Blizzard, the creators of Warcraft, is a company whose history reminds me a lot of the way sheep behave. For a good two epochs of the history of video games, the studio from California were the strongest rams in the herd. Other developers rushed after them, dreaming they too will be allowed to feed on the green pastures.
Think about it: Warcraft spurred a fashion for RTS games that lasted for years. You may not remember, but games like War Wind and War Diary proved that Warcraft clones really existed.
The same can be said about Diablo, which single-handedly created a genre of games known and loved to this day (Path of Exile currently boasts 27 thousand players on Steam). Anyway, Diablo is one of the old Blizzard IP that still lives. Hack'n'slash games are generally holding well.
The best example of how Blizzard inspired the entire industry was World of Warcraft. How many WoW clones have we had throughout the years? Dozens, at the least. Some of them have promptly perished, others managed to survive, while WoW never left a question about who's the king.
But has the old ram lost all leading force?
Times change, years go bye. When was the last time Blizzard created something truly original and inspiring? Overwatch stood with both feet on the foundation erected by Team Fortress, Hearthstone spurred the fashion for card games, but was simply a digital, simplified Magic: The Gathering, and Heroes of the Storm is a demonstration of how the former alpha male, the leader of the herd, follows the path trodden by a younger individuals, full of vigor.
In recent years, Blizzard has been working on expansions to WoW, sequels to Overwatch and Diablo, remasters and a mobile game for the Chinese market. Sure, these will likely be profitable games, appreciated by players. However, it becomes clear that the industry legends are getting older.
What about RTS?
The question is: Since Blizzard settled for reaping the benefits, why wouldn't they (eventually) spend a few bucks and give fans Warcraft 4? Let's imagine we're a man writing poetry in Excel, sitting in an office building in Irvine, California. What data we're going to look for in order to decide on the profitability of such an investment?
We'll surely consider the latest releases in the genre. What's there? Likely Iron Harvest – one of few recent RTS games that wasn't a remaster. Let's see – Steam Spy says they managed to sell about 140 thousand copies of the game. The game's also on the Epic Store. Sure, this score isn't bad, but is it a positive signal for Blizzard? I don't think so.
Then, we have Homeworld Deserts of Kharak selling about 450 thousand copies. The game was reinforced by a well-known, classic IP. Ok, so where do we even look for successful RTS games?
We can also consider Ancestors Legacy. The reached about 385,000 owners on Steam, but we know not all of them actually bought it. There have been a few promotions and giveaways, plus a free weekend on Steam. At the same time, Blizzard is only interested in figures at lest an order of magnitude higher.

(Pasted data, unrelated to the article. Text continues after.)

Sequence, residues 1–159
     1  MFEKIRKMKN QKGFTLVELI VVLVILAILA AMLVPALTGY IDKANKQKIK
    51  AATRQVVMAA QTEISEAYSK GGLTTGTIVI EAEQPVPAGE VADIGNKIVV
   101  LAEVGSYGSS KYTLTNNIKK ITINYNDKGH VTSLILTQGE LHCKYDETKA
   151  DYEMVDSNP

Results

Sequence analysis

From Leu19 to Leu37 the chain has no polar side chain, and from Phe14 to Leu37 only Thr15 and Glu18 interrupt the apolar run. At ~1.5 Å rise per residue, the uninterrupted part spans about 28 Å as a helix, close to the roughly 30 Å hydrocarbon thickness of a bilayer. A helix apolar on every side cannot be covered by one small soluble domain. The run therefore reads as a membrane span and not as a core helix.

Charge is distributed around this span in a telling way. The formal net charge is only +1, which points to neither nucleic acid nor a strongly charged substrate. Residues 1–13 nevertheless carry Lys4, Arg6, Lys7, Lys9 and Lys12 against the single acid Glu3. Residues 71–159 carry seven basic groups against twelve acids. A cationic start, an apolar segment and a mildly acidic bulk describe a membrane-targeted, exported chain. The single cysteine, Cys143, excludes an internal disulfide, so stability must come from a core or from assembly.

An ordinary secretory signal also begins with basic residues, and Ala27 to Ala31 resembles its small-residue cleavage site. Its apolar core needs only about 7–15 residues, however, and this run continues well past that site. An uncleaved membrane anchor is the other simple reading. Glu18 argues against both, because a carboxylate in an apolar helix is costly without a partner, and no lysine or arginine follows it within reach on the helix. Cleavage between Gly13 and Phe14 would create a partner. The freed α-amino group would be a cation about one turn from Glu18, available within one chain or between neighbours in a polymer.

The RTS seem to be dying. Games like that simply aren't play as keenly, and even StarCraft 2 eventually ceded. A few days ago, we wrote that Blizzard is limiting support for this production, which was not comparable to Hearthstone, for example. It's no mystery. The MOBAs that derive directly from mods to Warcraft 3 have claimed the throne since. In my humble opinion, managing a single hero proved to be both more accessible and more rewarding than building bases and attacking other people's harmless workers. In e-sports, duels of champions are also more spectacular than the seemingly chaotic clashes of armies controlled by players with god-like agility, some of them able to execute 500 actions per minute.
What about the RTS renaissance?
Well, it doesn't seem like it's happening. It's as if no one has anything new and interesting to say about the topic. But are you sure the players don't want them? Well, it's not that simple. There's They are Billions, for example, which on Steam has found a lot more than a million customer. Sure, this is not a classic RTS, but rather a blend of tower defense and strategy.
The Age of Empires remasters also reap some excellent scores. The remaster of the second part of this series reached as many as four million players. Of course, it was originally released decades ago and it cost mere peanuts, but still.
Command & Conquer Remastered Collection boasts similar sales result. On Steam, the game has almost 1.3 million players. Not bad, though let's remember that EA doesn't sell this game at full price. There already was a 25% off deal available.
There is still Company of Heroes 2, which I personally like less than the first one, but which regularly attracts thousands of players.
These numbers show that people are still interested in this kind of games. You can even earn make money on them. Indeed, we can be sure that such a brand as Warcraft and it is not a remaster, but a sequel, it would be a hit, which the genre has not seen in years.